For example, AngloAmerican has five focus areas for its skills strategy:

  1. Leadership skills
  2. Interpersonal skills
  3. Critical, technical skills
  4. Skills needed in the short to medium term (within 5 to 10 years)
  5. Skills needed in the long term (within 20 to 30 years)

Breaking your skill needs down into achievable timeframes gives more structure to your reskilling and upskilling initiatives instead of just ‘spray and pray’ style learning. 

Encouraging people to learn

Motivating your people to learn is another important aspect of the overall success of your automation implementation. Many mining engineers have spent years honing their skills, only to find at least 40% of their skillset will need near-complete replacement in Industry 4.0. To encourage them to start learning, and then to continue, make it as simple as possible to access. 

The infrastructure you put around learning has a huge impact. It can be as basic as ensuring people have access to the Internet during their workday, to engage with online learning, or giving miners tablets and smartphones so they can continuously learn no matter where they are. 

Vale provides Internet access on its ships, so that employees can access online learning no matter where they are. In its mines, there is 4G Internet, with antennas installed underground. The L&D team realised that there were always two drivers in each of its trucks, one driving, and the other watching. They work in shifts of 30 minutes, giving time for the passenger-driver to learn. Key to this, of course, is providing bite-sized modules to fit around other work tasks and devices that connect to Vale’s learning systems.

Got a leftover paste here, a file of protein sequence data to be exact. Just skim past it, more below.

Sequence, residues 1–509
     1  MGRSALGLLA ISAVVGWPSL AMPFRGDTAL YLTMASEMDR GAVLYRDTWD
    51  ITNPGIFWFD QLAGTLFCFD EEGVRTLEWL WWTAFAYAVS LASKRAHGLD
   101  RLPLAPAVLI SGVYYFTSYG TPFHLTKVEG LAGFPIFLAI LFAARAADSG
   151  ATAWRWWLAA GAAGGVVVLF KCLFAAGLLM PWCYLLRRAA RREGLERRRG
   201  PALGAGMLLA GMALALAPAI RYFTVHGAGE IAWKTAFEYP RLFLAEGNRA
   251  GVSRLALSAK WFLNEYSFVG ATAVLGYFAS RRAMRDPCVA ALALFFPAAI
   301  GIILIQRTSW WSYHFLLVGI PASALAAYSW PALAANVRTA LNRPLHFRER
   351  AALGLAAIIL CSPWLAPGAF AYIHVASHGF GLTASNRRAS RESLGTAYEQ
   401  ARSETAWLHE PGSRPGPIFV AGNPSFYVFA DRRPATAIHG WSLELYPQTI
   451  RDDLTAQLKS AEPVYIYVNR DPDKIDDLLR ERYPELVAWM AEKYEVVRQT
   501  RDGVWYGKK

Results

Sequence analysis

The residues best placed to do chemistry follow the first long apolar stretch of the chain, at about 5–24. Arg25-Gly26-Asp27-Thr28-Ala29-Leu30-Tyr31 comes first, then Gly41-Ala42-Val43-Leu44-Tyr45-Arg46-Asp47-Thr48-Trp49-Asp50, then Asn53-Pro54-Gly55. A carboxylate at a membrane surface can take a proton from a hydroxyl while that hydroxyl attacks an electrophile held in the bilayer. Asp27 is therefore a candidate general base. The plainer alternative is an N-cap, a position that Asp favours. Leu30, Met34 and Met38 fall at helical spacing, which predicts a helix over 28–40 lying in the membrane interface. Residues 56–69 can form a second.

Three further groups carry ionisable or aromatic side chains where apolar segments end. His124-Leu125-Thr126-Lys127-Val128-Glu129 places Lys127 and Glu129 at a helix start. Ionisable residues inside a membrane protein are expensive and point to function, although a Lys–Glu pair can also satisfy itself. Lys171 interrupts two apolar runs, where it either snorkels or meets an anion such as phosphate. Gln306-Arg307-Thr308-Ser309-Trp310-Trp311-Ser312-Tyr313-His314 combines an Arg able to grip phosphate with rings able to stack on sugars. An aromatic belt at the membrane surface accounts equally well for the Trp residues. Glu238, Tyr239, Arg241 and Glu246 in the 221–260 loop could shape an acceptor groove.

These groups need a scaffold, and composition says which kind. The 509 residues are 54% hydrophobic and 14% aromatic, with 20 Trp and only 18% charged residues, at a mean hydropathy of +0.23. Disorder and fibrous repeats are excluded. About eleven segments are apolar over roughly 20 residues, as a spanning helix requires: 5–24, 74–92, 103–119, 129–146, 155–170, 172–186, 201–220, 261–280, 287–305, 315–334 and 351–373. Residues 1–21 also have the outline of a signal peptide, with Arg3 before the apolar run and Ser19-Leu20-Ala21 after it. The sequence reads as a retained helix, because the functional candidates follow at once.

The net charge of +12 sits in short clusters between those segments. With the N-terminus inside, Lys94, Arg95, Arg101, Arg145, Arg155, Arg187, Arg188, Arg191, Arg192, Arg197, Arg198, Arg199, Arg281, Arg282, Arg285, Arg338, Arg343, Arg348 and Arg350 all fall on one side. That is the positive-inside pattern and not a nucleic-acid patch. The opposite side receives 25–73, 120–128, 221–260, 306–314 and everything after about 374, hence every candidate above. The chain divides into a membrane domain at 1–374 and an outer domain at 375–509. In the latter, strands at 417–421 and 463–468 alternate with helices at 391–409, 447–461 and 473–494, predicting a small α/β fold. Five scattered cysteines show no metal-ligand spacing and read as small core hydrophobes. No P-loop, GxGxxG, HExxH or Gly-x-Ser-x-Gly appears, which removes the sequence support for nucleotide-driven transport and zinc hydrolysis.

Embedding learning during free time in the workday is a powerful way to grow critically-needed skills in a consistent way compared to taking days and weeks off to reskill completely.

The ideal time to upskill

Embarking on a digital transformation or automation strategy is the ideal springboard for also refreshing your upskilling and reskilling plans. It gives you a clear direction for the skills you need to build to make your digital transformation a reality. It links learning clearly to a wider business initiative and that increases the buy-in for whatever learning needs to happen to build those automation and digital-critical skills.

The returns of upskilling don’t just end as your automation begins. Upskilling and reskilling your existing workforce can also solve some of the soaring talent costs and shortages that the industry is currently facing, can improve productivity, and it can help the workforce navigate future disruption. 


Featured Articles

Mining software market to be worth $14.9 bn by 2028

Over the period of forecast, the surface mining segment is anticipated to hold the majority of the market share.

IEA highlights Latin America's abundant critical materials

The International Energy Agency's latest research paper highlights Latin America's opportunity in critical minerals for the clean energy transition

McKinsey: Design is the answer to supply chain disruption

Based on McKinsey research, firms that embrace the business value of design are less susceptible to disruption in supply chains and are more eco-friendly

Extending maintenance intervals with ultra-hard wearfacings


Accelerating the digital mine with a bite-size approach

Digital Mining

BHP trials renewable fuel at Yandi